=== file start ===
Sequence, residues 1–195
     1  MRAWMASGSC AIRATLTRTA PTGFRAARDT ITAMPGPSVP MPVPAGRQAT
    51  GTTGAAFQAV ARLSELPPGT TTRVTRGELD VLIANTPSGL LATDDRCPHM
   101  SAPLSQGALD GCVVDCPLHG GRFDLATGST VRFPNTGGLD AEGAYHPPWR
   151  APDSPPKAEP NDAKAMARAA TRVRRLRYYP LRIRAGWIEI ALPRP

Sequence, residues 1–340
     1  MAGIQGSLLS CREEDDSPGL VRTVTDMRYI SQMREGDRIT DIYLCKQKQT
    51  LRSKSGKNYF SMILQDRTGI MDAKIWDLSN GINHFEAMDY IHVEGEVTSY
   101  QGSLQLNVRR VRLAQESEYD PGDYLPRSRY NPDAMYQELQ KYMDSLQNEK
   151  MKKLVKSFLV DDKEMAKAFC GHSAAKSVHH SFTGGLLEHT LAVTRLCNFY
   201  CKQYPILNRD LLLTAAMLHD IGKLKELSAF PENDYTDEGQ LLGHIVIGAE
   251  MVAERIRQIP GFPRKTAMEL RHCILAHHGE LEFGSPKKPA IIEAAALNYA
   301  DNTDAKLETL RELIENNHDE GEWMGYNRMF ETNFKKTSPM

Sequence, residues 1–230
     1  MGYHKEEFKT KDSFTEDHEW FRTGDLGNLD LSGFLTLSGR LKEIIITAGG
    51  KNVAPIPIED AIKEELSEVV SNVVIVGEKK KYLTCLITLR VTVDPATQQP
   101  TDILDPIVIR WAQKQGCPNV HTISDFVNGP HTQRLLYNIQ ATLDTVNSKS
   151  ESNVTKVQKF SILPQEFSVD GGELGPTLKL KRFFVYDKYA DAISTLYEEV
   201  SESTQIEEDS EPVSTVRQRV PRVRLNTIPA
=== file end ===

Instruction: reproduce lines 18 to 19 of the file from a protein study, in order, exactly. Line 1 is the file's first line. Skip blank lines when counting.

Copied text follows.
   151  ESNVTKVQKF SILPQEFSVD GGELGPTLKL KRFFVYDKYA DAISTLYEEV
   201  SESTQIEEDS EPVSTVRQRV PRVRLNTIPA